Revelations: Panto, Lear and the Tiller girls - that's variety!

The time: Winter 1959 The place: Golders Green Hippodrome The man: Michael Barry, crafty cook and broadcaster
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I come from a very mixed background. My mother's family were Welsh working-class, farmers, bakers and coalminers; while my father was an Indian prince who played cricket for the MCC and became a Pakistani diplomat - an extraordinary combination. Yet I had been a very conventional schoolboy, quite bright, and passed my exams. The thought was that you went to university, then wrote to 16 firms and hopefully got a job and bought a suit. I even had a job with Procter & Gamble which I never actually took up.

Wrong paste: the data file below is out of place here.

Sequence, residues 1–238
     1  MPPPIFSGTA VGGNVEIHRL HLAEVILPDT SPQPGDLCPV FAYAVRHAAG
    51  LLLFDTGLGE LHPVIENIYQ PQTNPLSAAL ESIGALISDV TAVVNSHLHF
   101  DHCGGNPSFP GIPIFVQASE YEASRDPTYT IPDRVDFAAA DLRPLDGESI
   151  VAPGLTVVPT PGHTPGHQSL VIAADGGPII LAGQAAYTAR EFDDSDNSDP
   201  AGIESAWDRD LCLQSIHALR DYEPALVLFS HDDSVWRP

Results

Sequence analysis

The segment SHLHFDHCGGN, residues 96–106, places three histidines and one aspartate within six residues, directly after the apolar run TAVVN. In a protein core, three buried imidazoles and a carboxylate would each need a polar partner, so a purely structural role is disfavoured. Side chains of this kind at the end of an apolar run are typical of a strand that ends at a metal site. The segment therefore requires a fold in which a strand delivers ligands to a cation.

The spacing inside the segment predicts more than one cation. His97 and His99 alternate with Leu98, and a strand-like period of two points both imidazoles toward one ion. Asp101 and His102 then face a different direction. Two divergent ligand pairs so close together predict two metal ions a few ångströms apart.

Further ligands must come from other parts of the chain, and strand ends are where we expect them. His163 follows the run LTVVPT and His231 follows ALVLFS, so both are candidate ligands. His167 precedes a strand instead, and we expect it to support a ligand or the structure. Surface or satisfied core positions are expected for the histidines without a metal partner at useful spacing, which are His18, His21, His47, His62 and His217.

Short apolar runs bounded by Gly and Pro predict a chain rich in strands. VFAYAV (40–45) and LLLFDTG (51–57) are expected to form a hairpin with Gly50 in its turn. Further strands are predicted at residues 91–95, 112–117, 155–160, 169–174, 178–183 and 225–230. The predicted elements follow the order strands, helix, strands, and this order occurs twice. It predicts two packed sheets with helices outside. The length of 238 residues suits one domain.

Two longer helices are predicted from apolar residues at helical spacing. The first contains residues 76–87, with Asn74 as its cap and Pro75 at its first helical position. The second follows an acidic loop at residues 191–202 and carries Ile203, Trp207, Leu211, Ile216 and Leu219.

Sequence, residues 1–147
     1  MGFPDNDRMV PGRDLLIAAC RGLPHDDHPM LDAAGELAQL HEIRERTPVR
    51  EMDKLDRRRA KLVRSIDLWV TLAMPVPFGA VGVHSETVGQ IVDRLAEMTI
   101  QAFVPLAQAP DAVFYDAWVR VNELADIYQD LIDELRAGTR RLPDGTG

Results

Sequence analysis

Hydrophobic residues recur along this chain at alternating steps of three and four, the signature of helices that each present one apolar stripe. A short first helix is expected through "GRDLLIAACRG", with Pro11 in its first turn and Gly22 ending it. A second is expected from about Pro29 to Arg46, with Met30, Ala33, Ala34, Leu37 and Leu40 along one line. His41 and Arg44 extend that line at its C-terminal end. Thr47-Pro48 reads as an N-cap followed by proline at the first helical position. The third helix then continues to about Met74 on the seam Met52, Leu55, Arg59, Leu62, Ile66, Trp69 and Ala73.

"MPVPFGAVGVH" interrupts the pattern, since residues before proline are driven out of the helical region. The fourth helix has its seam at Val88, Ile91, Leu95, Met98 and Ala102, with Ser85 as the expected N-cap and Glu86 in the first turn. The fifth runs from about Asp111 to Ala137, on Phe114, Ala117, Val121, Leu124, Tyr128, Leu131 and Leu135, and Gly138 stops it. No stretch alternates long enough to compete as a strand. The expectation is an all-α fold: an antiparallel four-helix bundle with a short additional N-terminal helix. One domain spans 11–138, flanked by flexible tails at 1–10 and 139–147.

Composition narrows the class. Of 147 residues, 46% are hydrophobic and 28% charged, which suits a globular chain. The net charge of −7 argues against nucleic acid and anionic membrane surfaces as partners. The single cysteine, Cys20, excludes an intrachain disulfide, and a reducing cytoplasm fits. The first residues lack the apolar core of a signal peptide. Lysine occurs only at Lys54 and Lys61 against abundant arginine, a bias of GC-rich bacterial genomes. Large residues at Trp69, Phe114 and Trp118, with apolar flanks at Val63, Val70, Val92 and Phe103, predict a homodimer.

At 17, I was full of myself, bags of confidence, lots of chutzpah and ready to roll. I hadn't really found out what life was like, nor the fact that you'd really hit the bottom of the ladder, not the top of it. Having sat S-levels a year early, I'd finished school but was too young to go to university. I was told there was a job going at the local theatre, the Golders Green Hippodrome, working as a stage hand - nine pounds, seventeen and eight pence a week and all the Tiller girls you could eat!

The Golders Green Hippodrome was the second biggest theatre after the London Palladium and sat 3,000 people. I fell in love with the sheer variety of the theatre, somewhere a man would be putting on a beard to play King Lear, a pretty dancer would be squeezing into a gorgeous costume and someone else would be tuning up a tuba. The glitter and glitz hit my adrenalin button. Although my first production was just an ordinary pantomime, Hughie Green in Jack and the Beanstalk, it transformed me because suddenly I realised I wanted to work in entertainment and didn't want to be an executive.